Vocab Lesson 4: Rules

Vocab Lesson 4: Rules No, we're not talking about what you were trying to escape as a kid or the seemingly-arbitrary rules your professors make you follow ... we're talking about lines. Yes, lines are more than just lines. Learn more after the jump.

Lines in graphic design are called rules (and less often keylines). They can be used in multiple ways, as you can see in the image below ... they be short, long, fat, thin, solid, dotted, wavy, in color, etc. They can be used to separate material, to add emphasis or define an area, or simply for decoration. 

Rule thickness is defined in points, just like type size. The term hairline refers to a very thin rule, but it can be an arbitrary term since there is no agreed-upon measurement. Generally it describes a rule measuring anywhere from 0.125pt to 0.25pt, but many printers caution against using anything less than 0.25pt as it will be impossible to reproduce on press. QuarkXPress has a hairline setting that is supposedly 0.125pt, so it's best to avoid using it or any predefined setting like that and instead specify an actual point size.


So you now know what a rule, keyline and hairline is. Well, the terminology doesn't end there...

When a rule is a combination of a thick and thin line, it is called a scotch rule. When it is used as the border of a box, it is called a frame. When you see vertical lines placed between columns of text, those can be referred to as downrules. And in the paragraph settings in your layout program, you will likely see a menu item called paragraph rules ... those are horizontal rules that you can position above, below or through your lines of type; they are part of the type rather than a separate line element, and therefore they move with your type as you add or delete within the text block.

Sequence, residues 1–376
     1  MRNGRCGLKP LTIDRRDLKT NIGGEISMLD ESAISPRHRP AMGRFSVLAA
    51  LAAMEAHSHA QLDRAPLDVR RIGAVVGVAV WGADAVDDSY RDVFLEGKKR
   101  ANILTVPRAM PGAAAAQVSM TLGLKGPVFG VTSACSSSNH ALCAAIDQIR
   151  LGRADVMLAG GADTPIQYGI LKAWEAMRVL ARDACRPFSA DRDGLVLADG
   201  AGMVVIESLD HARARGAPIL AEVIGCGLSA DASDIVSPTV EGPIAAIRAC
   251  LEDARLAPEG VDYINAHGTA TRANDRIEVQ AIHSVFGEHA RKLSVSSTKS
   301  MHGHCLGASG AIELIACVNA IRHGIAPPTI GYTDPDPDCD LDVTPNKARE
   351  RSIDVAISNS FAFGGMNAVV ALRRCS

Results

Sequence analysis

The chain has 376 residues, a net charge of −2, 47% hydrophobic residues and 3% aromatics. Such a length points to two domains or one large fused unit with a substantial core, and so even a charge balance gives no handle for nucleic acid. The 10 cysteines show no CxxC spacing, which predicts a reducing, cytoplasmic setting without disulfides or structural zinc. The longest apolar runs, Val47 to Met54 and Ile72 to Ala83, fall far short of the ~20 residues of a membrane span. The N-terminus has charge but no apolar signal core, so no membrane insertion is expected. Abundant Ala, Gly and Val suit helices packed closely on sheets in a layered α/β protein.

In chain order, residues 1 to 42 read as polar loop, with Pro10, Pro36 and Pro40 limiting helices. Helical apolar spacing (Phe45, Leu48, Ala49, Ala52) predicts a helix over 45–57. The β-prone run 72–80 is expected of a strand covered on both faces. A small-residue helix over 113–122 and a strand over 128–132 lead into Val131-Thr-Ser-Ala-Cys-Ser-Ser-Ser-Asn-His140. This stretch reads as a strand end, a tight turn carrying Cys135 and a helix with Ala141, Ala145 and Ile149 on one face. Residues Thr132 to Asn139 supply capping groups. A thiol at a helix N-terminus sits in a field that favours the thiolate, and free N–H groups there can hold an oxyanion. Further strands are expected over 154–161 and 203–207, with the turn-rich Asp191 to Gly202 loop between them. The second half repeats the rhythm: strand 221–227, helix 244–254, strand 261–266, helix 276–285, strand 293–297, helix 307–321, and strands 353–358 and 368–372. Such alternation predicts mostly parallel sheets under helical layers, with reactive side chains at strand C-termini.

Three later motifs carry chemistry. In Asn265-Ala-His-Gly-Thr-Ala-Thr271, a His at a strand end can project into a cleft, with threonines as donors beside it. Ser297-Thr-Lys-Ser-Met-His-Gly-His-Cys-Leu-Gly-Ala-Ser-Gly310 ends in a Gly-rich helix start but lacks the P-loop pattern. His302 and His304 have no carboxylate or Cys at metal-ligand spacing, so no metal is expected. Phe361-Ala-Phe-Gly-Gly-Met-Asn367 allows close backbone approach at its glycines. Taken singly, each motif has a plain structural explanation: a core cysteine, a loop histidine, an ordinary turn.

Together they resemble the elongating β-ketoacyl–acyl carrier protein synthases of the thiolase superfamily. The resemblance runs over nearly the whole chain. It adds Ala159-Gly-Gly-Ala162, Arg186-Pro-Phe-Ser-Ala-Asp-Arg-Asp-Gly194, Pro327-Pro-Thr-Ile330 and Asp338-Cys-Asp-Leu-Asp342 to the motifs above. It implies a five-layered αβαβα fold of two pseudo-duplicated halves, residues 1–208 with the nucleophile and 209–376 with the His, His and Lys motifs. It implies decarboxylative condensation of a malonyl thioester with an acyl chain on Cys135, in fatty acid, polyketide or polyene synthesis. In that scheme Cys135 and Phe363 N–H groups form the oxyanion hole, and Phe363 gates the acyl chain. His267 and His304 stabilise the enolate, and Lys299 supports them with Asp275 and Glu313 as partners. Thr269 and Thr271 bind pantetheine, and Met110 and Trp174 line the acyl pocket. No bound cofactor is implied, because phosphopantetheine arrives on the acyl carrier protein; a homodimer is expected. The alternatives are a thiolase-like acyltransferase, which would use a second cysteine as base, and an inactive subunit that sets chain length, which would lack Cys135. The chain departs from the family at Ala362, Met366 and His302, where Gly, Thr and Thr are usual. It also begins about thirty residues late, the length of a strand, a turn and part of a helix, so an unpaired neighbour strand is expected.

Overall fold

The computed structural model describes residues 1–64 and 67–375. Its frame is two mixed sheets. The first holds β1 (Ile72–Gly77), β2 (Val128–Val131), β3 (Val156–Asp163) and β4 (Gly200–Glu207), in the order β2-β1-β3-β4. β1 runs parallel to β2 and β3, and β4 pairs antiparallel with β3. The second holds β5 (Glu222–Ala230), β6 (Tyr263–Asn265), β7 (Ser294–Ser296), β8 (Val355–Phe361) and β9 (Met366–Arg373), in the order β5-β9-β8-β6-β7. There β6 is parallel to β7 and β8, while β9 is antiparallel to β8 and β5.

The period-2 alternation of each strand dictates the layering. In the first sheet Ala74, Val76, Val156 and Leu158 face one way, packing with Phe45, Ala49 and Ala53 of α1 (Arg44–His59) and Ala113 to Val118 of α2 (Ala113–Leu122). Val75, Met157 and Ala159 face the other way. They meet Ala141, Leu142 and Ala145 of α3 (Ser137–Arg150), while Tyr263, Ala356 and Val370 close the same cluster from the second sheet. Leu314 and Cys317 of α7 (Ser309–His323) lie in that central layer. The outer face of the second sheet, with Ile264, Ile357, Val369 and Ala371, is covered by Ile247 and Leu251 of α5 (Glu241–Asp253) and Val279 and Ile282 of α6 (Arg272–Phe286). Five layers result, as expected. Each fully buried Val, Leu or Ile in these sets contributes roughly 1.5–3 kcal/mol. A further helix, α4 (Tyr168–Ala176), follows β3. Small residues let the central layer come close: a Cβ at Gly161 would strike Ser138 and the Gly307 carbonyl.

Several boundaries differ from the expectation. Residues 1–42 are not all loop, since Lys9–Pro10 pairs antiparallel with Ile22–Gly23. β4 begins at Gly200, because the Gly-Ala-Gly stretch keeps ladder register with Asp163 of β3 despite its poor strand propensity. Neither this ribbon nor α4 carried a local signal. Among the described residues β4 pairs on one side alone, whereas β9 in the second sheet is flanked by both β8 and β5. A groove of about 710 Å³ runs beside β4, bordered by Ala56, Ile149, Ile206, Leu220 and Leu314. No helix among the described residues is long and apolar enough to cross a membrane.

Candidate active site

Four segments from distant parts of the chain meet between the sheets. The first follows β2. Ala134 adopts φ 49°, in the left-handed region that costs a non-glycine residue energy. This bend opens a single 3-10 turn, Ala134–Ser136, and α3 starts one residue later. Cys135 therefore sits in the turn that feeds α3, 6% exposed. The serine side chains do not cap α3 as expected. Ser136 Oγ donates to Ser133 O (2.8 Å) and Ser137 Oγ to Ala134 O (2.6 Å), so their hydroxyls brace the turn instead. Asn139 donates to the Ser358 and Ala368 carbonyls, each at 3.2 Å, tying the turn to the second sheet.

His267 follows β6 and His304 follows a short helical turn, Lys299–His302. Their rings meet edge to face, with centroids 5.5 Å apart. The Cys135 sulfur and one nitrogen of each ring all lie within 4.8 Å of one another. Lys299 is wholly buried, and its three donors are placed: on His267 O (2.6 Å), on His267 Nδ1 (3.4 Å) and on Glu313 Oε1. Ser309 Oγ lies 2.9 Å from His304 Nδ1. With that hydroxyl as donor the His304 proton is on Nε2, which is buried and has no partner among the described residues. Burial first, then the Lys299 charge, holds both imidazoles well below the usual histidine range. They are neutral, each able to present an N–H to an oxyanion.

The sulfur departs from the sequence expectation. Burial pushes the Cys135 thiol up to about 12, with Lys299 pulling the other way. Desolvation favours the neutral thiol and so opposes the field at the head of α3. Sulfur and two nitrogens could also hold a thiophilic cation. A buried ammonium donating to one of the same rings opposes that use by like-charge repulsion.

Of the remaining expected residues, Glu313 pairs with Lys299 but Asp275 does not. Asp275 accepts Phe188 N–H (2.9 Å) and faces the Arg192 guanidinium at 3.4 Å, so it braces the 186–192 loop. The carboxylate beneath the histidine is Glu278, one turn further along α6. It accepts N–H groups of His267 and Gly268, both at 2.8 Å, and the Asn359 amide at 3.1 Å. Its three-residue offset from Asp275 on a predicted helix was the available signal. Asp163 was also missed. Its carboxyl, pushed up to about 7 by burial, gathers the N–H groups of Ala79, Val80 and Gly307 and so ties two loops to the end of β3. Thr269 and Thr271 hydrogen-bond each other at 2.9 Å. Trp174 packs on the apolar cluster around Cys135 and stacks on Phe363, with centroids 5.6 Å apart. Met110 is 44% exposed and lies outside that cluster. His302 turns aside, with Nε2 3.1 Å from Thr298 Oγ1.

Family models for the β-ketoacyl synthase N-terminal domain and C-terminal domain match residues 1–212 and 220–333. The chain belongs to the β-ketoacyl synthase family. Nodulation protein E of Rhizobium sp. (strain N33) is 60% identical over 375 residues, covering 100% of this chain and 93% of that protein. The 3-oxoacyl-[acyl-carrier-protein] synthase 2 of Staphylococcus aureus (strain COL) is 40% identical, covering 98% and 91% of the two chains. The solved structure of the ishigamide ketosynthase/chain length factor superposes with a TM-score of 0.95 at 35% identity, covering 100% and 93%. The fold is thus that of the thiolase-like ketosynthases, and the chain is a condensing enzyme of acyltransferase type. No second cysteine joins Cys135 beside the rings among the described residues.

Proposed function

Despite being called rules by designers, in InDesign and QuarkXPress, as well as most desktop publishing programs, you generally create rules by using line tools and stroke settings. 

Rules can be useful in many ways: they can help define the margins of a page, they can separate sidebars from the main text, they can help the readers' eye as downrules by clearly separating the columns of type, especially useful when the space between columns is thin. They can add emphasis to headlines or subheads, or they can help break up long blocks of text.


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Want more? Check out our previous Vocab Lessons:

*Editor's Note: These pages come from Cookie magazine, New York, and a mini-mag from Money magazine.

"Vocab Lesson" is a recurring feature on our SPD Student Blog. Tune in every Wednesday for a new word of the week. And if you come across a term you can't quite figure out, email it to us at spdstudentoutreach@gmail.com and we'll define it in a future post.
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